Featured resident: Gillian Spragg
Provided within our immersive lab, the FuseBox is equipped with a wide range of virtual and augmented reality facilities allowing visitors and residents a chance to get hands-on with cutting edge technology.
Resident Gillian Spragg, who represents West London Art Scene has been utilising our lab since last May, tirelessly exploring different ways to celebrate and introduce new audiences to classical music via the virtual world. This week we caught up with Gillian to see how her adventures into VR are going..
Hi Gillian, tell us a little bit about your background
I am a classically trained musician, a pianist and composer, and deeply interested in how musical form informs the emotional content of the music.
I am also a published poet, ran an annual multi-arts festival for a number of years and, prior to that, an educational audio-publishing venture – but my favourite place is on the concert platform, or somewhere similar. I lived in Kenya for nine years, quite a transformative experience for a Londoner.
And what are you learning to do in the FuseBox?
I am learning to understand how to represent the world in a 3D format, especially using Unity, and how to code in order to support this. As a result of this, my conversations now have a new vocabulary which I am finding particularly useful when you want to collaborate.
What attracted you to virtual reality?
I am fascinated by the integration of audio and visual experience that VR and AR can play in rediscovering the richness of classical music and of the theatre – and then how to generate new works that would take advantage of all that these new realities can offer. I wrote an opera “Galileo!”, then discovered VR and envisioned the great galactic starscape that would have been the perfect setting for the work. From its outset in 17thcentury, opera has always been as immersive an experience as technology has allowed, often using enormously complicated sets and machinery.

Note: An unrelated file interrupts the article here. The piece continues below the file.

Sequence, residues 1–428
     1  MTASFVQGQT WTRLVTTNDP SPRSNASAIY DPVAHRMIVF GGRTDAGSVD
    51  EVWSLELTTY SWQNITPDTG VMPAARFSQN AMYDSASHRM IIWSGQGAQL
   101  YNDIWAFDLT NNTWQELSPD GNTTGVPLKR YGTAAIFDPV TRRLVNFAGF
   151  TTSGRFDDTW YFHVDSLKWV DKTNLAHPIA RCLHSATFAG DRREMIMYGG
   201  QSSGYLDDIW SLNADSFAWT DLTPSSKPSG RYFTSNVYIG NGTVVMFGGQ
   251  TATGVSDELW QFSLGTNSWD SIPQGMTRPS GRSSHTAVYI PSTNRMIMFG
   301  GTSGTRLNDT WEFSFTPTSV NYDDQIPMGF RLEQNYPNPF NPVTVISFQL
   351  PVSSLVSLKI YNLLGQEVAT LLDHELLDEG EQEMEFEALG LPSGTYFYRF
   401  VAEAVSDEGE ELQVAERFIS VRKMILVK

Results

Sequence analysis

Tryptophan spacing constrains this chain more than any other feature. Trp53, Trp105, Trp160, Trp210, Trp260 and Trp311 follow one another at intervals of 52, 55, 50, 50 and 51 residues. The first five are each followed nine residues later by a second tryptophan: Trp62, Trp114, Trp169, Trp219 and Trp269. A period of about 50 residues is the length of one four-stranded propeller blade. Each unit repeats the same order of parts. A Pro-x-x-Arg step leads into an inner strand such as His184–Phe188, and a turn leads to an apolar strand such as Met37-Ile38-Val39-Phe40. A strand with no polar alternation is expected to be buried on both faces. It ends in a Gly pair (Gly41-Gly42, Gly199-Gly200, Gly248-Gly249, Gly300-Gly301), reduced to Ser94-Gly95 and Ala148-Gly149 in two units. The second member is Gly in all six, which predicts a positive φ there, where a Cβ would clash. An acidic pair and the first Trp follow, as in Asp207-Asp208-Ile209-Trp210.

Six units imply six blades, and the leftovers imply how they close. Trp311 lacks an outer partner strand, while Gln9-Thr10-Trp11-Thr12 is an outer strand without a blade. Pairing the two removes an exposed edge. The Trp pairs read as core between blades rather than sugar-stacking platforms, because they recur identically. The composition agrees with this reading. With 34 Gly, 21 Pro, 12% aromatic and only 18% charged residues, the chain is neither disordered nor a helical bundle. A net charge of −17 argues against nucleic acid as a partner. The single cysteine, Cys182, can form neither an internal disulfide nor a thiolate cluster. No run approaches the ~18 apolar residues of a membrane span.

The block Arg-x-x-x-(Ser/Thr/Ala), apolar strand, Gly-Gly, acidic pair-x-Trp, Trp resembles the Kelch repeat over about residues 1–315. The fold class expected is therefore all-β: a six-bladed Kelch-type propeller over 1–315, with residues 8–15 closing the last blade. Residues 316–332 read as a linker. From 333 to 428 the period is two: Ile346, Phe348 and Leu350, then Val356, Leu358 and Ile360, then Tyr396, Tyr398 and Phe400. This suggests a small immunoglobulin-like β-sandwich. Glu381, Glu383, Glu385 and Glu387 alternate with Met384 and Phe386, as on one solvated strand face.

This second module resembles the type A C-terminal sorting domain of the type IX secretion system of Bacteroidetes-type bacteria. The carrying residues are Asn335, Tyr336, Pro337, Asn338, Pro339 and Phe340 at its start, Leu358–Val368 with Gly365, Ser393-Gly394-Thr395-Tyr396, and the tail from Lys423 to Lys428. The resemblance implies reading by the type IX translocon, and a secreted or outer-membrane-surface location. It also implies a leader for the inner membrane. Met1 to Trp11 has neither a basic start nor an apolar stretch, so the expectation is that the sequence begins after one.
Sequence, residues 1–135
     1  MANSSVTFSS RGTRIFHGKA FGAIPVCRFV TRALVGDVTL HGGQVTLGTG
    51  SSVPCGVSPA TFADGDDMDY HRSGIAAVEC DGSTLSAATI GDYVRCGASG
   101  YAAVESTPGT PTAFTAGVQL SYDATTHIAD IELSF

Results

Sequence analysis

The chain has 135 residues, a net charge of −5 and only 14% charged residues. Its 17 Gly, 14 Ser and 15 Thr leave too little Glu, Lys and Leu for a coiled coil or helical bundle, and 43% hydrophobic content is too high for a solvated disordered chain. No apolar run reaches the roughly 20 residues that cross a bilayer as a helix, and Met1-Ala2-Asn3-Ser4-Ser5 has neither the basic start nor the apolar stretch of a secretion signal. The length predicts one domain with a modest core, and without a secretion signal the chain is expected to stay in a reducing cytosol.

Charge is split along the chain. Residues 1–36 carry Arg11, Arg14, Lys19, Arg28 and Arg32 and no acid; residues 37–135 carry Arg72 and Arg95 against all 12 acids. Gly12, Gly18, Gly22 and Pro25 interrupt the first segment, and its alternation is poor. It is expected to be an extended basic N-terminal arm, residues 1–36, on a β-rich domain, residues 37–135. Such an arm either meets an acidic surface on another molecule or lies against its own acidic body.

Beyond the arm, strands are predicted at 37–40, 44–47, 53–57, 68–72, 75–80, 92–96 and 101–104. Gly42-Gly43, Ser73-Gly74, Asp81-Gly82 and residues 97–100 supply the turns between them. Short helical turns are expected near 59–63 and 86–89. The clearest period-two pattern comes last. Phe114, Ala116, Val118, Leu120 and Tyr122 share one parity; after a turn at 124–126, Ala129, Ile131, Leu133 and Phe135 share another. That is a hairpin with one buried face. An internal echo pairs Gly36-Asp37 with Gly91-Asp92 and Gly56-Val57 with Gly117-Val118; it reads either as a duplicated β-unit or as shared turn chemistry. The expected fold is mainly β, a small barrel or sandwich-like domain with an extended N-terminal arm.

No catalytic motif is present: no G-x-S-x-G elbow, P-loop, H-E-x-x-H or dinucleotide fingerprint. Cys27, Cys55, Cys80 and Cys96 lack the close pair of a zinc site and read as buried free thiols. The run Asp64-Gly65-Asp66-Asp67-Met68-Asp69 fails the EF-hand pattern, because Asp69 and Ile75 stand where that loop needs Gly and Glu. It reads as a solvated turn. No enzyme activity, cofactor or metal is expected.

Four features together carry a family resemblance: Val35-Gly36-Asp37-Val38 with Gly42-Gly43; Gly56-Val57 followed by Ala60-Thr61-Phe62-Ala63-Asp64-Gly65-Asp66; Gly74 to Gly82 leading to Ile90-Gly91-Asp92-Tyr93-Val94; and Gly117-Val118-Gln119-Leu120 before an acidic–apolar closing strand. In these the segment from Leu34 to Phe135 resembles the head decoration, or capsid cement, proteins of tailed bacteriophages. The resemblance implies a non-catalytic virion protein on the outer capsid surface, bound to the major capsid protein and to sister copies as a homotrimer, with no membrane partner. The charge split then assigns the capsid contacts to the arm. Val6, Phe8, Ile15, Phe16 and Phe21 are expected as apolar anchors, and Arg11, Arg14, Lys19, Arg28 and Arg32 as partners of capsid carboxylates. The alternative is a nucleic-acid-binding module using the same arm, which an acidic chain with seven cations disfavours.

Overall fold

Moving to VR is a natural, if novel, progression with operatic plots remaining a powerful vehicle for story-telling. I have devised a number of music-based projects and I am gradually figuring out how they can come to fruition – sooner or later.
Are there similarities between teaching yourself music and programming?
I have played the piano all my life but it is still the hardest thing I ever try to do. Music and programming both need patience, both are challenging and need a certain indefatigable doggedness – which can sometimes seem like bordering on madness. Why would you go on trying to do something, several hours a day, in the hope that you will be to achieve an end-result in 3 month’s time? Or even longer? Well, because your attention is constantly engaged by the journey and because the profound satisfaction of achievement is beyond all price, even if the achievement is sometimes short-lived.
You also need to keep your feet firmly on the ground so that you can develop both an understanding of the “whole” while keeping a constant eye on detail. The major difference is that the keyboard you use on a piano requires a high level of physical athleticism, while a computer keyboard is a quieter place to be!
What events have you taken part in since being a resident?
So far I have been mainly in the audience, listening, learning and admiring. However, I have shown a VR prototype of “Schoenberg Op19 No2” to visitors from the Arts Council, who seemed interested in what they saw, and a VR Christmas card, which was a bit of fun at our Christmas party – but early days yet ….
Who have you met through the FuseBox?
I have met so many good, interesting, highly-skilled people, residents and admin staff. Every time I have a conversation I learn something new. However, I am especially grateful to Chris (Chowen) who has gently shepherded me away of the depths of technical ignorance towards the pastures green where I can begin to flourish with some hope of success.
You’re based in London, what makes you travel to Brighton to work?
I am really impressed by the facilities and the welcome that Wired Sussex offers, better than anything I have found in London. If only the trains worked better! – the worst journey was when arrived home in the morning at 2.45am – then it would be perfect.